Ever pretended you’re a white guy? For a laugh, to see what it’s like? If you’re passable. I have. Do it all the time; to the extent it has become a lifestyle rather than an anthropological study.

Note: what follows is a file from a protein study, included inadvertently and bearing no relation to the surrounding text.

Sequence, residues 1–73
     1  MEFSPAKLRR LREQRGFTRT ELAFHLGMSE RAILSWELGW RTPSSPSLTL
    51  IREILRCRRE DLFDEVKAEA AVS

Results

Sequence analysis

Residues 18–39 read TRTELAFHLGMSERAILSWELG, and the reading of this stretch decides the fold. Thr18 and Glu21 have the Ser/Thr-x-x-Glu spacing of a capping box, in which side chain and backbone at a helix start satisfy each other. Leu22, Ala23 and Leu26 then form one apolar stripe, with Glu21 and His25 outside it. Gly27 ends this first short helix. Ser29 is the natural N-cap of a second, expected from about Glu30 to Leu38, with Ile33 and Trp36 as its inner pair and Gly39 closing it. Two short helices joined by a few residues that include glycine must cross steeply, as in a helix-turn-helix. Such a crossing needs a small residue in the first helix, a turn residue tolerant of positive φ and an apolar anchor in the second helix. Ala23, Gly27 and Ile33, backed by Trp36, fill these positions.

It’s wonderful, liberating, uplifting, affirming. So pleasant. Compared with not being – what a drag that is. Fuck, just use your indigenous name to see what Klantown be like for the unAnglosized. So it’s a matter of just do whatever you want essentially if you’re white. Go to Mars, own Africa, have a reason to kill Epstein. It’s all possible for Mr Whiteman. Say whatever you want to whoever you like without any consequences; hardly any anyway, just a smack on the hand at most if it all goes tits up. It’s full access, all hours including back stage. It’s like a dream where you’ve acquired a super power. Like you’ve cast a spell over people, enchanted them. People do things for you. They just give you things. You don’t need it, you don’t want it, but they insist. Not out of fear, but just because… because… because you’re white. You don’t have to take it, they will offer it. Say the most ludicrous, outrageous, offensive series of non sequiturs and be taken seriously at every turn – just keep a straight face, it’s exhilarating. How far can you go? – much further than you can imagine. No effort is required to be accorded merit. None. David Brent as a character could only be a white man. Christopher Luxon, also, could only be a white man. If anyone wrote a character like Christopher Luxon there wouldn’t be a person on the face of the Earth who wouldn’t swear it was a white man.